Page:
use and related harms
*links people to further treatment
*first step to abstinence
*does not produce long-term
change; best as a starting
point to treatment
Substitution treatment
*helps people to reduce or stop
heroin use
*gives people more time for other
areas of their life
*widely used, popular treatment
*a lot of evidence it works
*need to attend clinic/pharmacy
regularly for dosing
*people still dependent on
opioids; will be withdrawal
period at the end of treatment
*may be side effects
with methadone
*recommended treatment during
*may need to reduce methadone
dose if people want to transfer
to buprenorphine
with buprenorphine
*alternative to methadone
*can be taken every second day
*easier to withdraw from
than methadone
*can start naltrexone after
buprenorphine treatment
*easy to transfer to methadone
from buprenorphine
*not recommended during
*first dose may bring on or
‘precipitate’ opioid withdrawal
*can help some people to remain
heroin-free (i.e. abstinent) after
*must be completely detoxed
before starting treatment
*not recommended for use in
pregnancy/breastfeeding or
for people with certain liver
conditions (e.g. acute hepatitis)
*opioid type pain-killers (such as
codeine or morphine) will not
work while taking naltrexone
*increased risk of overdose if
people use heroin after missing
a dose or stopping treatment,
due to loss of tolerance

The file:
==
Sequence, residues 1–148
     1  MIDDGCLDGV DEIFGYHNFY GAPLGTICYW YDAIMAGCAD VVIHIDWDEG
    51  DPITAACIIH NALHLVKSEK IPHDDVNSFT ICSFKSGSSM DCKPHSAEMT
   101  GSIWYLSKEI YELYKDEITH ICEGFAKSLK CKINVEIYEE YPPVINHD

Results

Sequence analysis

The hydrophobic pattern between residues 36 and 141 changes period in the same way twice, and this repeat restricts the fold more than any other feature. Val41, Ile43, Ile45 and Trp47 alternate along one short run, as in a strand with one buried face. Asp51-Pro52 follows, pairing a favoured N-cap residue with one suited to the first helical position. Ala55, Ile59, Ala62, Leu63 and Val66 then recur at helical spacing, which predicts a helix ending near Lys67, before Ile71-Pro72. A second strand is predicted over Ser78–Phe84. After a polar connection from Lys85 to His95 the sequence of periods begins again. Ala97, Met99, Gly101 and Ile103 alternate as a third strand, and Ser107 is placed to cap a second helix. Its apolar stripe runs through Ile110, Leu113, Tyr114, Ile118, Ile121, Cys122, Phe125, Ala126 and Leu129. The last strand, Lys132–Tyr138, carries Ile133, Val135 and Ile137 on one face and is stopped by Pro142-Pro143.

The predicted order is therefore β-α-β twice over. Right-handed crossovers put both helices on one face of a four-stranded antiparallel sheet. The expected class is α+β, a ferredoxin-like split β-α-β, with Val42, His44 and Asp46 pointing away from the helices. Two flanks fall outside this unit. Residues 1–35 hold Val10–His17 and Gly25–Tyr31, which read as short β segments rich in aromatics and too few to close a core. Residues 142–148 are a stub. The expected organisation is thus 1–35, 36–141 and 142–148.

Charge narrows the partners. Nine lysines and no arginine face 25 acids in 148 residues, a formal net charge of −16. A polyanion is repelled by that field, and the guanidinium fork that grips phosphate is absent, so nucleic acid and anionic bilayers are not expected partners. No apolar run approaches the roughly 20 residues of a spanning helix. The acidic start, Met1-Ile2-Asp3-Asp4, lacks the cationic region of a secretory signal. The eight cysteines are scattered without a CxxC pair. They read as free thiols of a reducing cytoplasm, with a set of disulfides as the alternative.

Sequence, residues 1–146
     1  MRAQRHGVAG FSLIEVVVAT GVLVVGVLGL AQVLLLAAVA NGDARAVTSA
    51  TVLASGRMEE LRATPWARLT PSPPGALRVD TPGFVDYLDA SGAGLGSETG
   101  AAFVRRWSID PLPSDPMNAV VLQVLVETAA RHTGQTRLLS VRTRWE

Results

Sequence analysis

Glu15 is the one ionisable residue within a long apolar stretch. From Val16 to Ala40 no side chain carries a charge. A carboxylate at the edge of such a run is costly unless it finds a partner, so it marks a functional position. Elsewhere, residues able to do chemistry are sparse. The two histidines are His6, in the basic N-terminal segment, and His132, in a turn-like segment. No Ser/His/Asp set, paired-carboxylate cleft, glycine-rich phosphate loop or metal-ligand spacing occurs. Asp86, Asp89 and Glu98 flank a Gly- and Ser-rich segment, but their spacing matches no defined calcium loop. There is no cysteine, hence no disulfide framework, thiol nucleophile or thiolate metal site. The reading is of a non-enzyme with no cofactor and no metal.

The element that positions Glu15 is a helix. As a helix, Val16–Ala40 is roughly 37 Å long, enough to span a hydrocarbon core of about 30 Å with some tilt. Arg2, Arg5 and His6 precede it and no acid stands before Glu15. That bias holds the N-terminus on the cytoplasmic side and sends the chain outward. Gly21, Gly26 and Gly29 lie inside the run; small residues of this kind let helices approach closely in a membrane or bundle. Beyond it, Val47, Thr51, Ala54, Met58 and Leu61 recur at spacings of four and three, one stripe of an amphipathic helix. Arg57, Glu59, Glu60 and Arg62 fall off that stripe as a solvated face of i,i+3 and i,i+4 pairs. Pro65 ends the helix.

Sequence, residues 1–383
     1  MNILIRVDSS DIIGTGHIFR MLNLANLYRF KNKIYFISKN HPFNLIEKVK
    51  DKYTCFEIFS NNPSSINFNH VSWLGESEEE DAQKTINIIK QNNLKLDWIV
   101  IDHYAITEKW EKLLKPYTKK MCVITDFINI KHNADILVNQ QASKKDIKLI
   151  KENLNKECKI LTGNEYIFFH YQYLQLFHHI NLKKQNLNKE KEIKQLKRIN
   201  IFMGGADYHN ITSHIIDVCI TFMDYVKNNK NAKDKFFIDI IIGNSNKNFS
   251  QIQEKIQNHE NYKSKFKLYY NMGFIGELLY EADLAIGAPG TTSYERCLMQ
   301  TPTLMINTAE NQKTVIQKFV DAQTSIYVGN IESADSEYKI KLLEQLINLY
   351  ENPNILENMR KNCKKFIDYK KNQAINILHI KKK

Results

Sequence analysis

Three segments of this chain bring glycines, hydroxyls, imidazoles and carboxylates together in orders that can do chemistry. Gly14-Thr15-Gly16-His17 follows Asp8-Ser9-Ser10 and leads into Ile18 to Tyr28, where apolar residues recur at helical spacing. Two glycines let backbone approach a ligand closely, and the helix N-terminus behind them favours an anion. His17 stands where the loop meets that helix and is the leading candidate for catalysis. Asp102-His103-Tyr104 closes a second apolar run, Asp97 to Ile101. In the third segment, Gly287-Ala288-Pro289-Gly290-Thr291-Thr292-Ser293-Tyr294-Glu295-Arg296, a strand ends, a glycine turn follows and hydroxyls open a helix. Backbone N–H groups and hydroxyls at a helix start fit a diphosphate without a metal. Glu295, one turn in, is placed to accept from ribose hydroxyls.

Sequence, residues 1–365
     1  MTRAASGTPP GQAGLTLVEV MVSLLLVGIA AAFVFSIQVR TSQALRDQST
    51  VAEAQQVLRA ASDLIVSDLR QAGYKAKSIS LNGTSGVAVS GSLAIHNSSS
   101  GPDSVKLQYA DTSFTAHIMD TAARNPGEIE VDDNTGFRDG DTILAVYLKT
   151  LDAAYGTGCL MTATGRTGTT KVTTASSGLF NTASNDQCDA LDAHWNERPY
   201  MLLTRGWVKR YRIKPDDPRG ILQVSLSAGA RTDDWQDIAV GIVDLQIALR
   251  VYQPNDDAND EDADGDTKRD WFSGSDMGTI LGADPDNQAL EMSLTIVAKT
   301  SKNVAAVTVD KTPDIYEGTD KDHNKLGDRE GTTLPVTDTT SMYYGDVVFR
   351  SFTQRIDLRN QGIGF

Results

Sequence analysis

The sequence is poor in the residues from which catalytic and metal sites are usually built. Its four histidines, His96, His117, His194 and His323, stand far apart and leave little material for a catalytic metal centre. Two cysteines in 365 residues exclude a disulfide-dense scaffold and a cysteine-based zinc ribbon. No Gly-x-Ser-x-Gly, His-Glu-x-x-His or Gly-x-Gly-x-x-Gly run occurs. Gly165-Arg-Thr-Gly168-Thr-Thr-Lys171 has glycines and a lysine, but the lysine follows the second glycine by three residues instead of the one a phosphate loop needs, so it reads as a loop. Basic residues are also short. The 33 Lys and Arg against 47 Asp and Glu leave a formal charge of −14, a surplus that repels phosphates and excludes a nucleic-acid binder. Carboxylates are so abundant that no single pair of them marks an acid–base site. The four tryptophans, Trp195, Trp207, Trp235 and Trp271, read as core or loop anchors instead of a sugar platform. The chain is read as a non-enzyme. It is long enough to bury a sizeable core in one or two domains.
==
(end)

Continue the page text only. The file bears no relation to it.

Naltrexone treatment
Therapeutic community
*provides high level of support,
structured program, and a
non-drug using environment
*teaches skills to make
long-term lifestyle changes
*there are different types of
programs, people should look
around if possible to find one
that best suits them
*may be a waiting list
*usually cannot take children
Self-help groups
(e.g. NA)
*provides high level of mutual
support, social contact and
understanding between members
*easy to access, informal, free,
regular, ongoing
*can be part of any treatment plan
where goal is to stop using drugs
*recommended people attend at
least 3 meetings to see
how suitable self-help groups
can be for them
*can help with forming a treatment
plan, reaching goals, and
preventing relapse
*links people to other support
services (e.g. accommodation,
*range of services available,
easy to access
*can make other treatments
(e.g. methadone, buprenorphine,
naltrexone) more effective
*finding supportive and
understanding counsellor is
very important
*works best for people who
want counselling
Key Contacts
For further information, please contact the alcohol and drug telephone service in your area.
These 24-hour services provide counselling, information and referral for users and their
families, the general public, and health professionals.
New South Wales
24-hour telephone service:
Alcohol and Drug Information Service (ADIS)
Government drug and alcohol department:
NSW Drug Program Bureau
NSW Health
Drug user organisation:
NSW Users and AIDS Association (NUAA)
(02) 9361 8000
1 800 422 599 (toll free)
(02) 9391 9000
(02) 8354 7300
1 800 644 413 (toll free)
24-hour telephone service:
Direct Line
Government drug and alcohol department:
Drug Treatment Services
Department of Human Services
1 800 888 236 (toll free)
(03) 9637 5232
Drug user organisations:
Victorian Drug Users Group (VIVAIDS)
(03) 9419 3633
Association of Participating Drug Users (APSU)
(03) 9573 1778
South Australia
24-hour telephone service:
Alcohol and Drug Information Service (ADIS)
Government drug and alcohol department:
Drug and Alcohol Services Council (DASC)
SA Department of Human Services
(08) 8363 8618
1 300 131 340 (toll free)
(08) 8274 3333
Drug user organisations:
SA Voice of IV Education (SAVIVE)
(08) 8362 9299
Users Association of S.A
(08) 8362 9299
Western Australia
24-hour telephone service:
Alcohol and Drug Information Service (ADIS)
Government drug and alcohol department:
The Drug and Alcohol Office